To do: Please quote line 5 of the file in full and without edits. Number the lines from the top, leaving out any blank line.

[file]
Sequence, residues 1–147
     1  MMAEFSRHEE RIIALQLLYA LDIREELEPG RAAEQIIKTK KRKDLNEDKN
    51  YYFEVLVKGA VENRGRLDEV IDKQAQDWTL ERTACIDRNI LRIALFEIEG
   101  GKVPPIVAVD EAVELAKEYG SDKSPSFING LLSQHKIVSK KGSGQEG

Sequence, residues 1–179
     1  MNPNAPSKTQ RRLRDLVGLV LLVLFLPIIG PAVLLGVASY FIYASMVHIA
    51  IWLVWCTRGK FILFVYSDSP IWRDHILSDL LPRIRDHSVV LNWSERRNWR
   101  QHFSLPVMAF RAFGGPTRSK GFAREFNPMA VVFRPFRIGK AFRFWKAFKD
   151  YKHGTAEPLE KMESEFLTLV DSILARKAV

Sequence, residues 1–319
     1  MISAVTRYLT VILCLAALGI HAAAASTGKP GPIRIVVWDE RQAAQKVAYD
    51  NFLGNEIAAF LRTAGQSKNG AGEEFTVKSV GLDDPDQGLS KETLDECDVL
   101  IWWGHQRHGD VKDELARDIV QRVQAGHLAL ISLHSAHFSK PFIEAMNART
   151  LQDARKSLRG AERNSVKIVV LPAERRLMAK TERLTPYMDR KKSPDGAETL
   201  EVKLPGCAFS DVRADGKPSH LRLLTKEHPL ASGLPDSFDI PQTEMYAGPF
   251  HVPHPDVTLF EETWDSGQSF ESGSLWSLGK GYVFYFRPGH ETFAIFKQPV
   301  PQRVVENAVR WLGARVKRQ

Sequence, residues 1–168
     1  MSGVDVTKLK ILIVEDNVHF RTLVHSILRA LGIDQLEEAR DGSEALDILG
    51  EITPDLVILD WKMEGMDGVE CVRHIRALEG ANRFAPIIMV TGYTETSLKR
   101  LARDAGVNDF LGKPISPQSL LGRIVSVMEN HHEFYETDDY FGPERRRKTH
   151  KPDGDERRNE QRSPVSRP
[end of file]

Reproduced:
Sequence, residues 1–179